Trump Administration Overrides Will of Congress by Proposing Harsh SNAP Rule

UPDATE: On January 31, 2019, the Trump Administration posted a Notice of Proposed Rulemaking for a rule that would take food away from more than 750,000 struggling workers. Once it is officially published on February 1, the rule is open for 60 days of public comments. Therefore, all those opposing this harmful rule should submit their comments before the deadline. Stay tuned for more information from CLASP.

This statement can be attributed to Olivia Golden, executive director of the Center for Law and Social Policy (CLASP).

Washington, DC, December 20, 2018—Today, President Trump is expected to sign the bipartisan 2018 farm bill, which protects access to food assistance under the Supplemental Nutrition Assistance Program (SNAP) for more than 40 million people. Unfortunately, today his administration also announced a proposed rule that would undercut this anti-hunger protection for people who can’t find jobs that provide enough hours to qualify for SNAP.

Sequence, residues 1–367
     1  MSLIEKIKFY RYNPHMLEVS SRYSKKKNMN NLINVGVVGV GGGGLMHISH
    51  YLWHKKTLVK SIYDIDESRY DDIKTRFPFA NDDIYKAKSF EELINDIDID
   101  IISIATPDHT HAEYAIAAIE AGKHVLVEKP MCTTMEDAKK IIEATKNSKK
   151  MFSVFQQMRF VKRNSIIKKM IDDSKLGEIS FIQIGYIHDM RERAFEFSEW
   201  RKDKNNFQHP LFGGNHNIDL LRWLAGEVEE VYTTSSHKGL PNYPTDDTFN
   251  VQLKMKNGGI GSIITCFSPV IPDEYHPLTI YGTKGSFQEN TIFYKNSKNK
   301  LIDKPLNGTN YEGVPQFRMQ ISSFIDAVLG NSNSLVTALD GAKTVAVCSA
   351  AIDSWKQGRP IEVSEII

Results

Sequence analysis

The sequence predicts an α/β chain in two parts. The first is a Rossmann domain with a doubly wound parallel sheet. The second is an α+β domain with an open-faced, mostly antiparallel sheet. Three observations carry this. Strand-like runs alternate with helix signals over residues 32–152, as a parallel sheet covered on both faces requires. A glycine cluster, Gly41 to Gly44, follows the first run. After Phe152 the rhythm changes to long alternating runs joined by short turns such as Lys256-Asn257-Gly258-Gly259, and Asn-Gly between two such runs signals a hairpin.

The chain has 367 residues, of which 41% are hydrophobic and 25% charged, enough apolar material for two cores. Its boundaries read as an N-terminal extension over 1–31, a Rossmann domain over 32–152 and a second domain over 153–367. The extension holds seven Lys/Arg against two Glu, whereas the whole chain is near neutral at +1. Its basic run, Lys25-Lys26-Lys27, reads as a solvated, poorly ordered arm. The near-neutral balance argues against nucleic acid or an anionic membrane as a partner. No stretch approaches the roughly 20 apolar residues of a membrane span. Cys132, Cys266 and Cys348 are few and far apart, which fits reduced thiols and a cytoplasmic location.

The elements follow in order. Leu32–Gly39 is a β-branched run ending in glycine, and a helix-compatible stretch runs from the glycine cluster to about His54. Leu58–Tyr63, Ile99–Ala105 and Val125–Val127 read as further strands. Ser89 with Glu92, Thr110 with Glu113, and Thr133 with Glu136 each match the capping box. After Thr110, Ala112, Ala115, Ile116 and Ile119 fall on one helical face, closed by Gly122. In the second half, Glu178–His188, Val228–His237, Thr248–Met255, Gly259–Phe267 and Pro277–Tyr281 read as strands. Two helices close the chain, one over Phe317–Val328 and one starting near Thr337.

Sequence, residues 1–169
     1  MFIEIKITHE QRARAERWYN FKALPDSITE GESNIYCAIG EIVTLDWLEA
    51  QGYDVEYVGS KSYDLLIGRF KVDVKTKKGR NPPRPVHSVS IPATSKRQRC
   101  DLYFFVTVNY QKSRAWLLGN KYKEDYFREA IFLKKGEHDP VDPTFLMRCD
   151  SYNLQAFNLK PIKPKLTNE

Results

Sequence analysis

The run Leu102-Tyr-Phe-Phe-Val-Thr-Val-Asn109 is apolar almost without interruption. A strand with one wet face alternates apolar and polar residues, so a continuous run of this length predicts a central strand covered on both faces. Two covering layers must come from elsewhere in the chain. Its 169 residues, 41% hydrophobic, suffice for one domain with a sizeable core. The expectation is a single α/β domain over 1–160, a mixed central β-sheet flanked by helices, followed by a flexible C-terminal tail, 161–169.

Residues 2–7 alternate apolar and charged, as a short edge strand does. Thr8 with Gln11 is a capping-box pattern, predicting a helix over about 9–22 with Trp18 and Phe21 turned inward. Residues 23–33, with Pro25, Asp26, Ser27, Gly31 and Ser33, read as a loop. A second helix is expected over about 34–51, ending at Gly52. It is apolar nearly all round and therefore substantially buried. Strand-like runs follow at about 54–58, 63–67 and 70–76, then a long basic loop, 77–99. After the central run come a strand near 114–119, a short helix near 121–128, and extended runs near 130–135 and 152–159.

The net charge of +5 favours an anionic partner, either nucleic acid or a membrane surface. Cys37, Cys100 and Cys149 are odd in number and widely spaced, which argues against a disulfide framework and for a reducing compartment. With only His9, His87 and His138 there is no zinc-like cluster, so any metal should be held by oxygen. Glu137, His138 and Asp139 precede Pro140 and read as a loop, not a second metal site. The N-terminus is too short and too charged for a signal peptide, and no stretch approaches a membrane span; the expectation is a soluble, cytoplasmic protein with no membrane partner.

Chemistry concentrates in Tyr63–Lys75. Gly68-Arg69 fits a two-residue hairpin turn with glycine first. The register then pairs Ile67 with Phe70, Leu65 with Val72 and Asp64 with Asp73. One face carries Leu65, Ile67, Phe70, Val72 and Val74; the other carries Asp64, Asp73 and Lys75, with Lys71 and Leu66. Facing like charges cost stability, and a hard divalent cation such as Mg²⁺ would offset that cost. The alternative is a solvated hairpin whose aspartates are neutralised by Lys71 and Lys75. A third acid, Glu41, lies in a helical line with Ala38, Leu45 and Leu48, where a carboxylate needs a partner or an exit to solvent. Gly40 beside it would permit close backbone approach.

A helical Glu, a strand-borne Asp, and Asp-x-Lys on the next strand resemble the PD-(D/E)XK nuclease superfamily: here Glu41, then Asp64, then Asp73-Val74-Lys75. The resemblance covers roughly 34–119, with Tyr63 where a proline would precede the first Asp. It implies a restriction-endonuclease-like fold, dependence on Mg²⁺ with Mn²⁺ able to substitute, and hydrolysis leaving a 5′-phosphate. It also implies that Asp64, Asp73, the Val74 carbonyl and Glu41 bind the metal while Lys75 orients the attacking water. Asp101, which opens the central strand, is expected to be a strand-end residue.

This proposed rule would take away state flexibility to ensure continued access to food assistance for unemployed and underemployed adults in areas of high unemployment. Governors of both parties have long used this flexibility to respond to state and local needs. The farm bill, which passed with overwhelming margins in Congress, specifically chose to preserve this flexibility for states. In sharp contrast, the administration is putting forward this proposal that by its own estimates will take nutrition benefits away from over 750,000 people.

Once this proposal is officially published in the Federal Register, it will be open for public comment for 60 days. Together we have the power to disrupt and stop the Trump Administration’s latest attack on families already struggling to make ends meet. Under federal law, the Food and Nutrition Service is required to take into consideration all comments before issuing a final rule. Just as hundreds of thousands of people submitted comments opposing the recent public charge rule that would harm immigrants and their families, now is the time to speak up once again in support of access to basic needs for all families.